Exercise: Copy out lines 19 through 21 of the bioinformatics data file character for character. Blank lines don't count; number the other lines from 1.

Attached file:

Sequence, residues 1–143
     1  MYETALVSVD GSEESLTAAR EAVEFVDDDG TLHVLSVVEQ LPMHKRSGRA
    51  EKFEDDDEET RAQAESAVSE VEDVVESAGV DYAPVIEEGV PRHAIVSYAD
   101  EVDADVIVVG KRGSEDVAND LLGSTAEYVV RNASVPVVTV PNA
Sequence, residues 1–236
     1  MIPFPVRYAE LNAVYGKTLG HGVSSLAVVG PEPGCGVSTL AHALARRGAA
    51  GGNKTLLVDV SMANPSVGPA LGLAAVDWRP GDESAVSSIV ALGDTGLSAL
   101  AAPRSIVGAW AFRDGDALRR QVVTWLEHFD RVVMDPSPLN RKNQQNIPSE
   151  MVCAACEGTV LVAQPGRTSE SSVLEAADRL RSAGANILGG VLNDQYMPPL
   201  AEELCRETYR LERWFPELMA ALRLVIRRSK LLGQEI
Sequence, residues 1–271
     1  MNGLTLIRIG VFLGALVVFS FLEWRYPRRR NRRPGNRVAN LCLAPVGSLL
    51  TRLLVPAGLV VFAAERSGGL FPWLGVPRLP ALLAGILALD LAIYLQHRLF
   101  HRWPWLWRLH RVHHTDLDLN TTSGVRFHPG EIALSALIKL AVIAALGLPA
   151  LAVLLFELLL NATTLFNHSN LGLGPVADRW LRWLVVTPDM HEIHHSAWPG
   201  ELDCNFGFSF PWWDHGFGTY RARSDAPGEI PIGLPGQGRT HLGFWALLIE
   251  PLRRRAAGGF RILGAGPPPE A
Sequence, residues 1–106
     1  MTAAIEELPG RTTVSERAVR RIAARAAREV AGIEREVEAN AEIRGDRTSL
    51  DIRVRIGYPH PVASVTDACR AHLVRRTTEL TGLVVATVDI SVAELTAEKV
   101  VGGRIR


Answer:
     1  MTAAIEELPG RTTVSERAVR RIAARAAREV AGIEREVEAN AEIRGDRTSL
    51  DIRVRIGYPH PVASVTDACR AHLVRRTTEL TGLVVATVDI SVAELTAEKV
   101  VGGRIR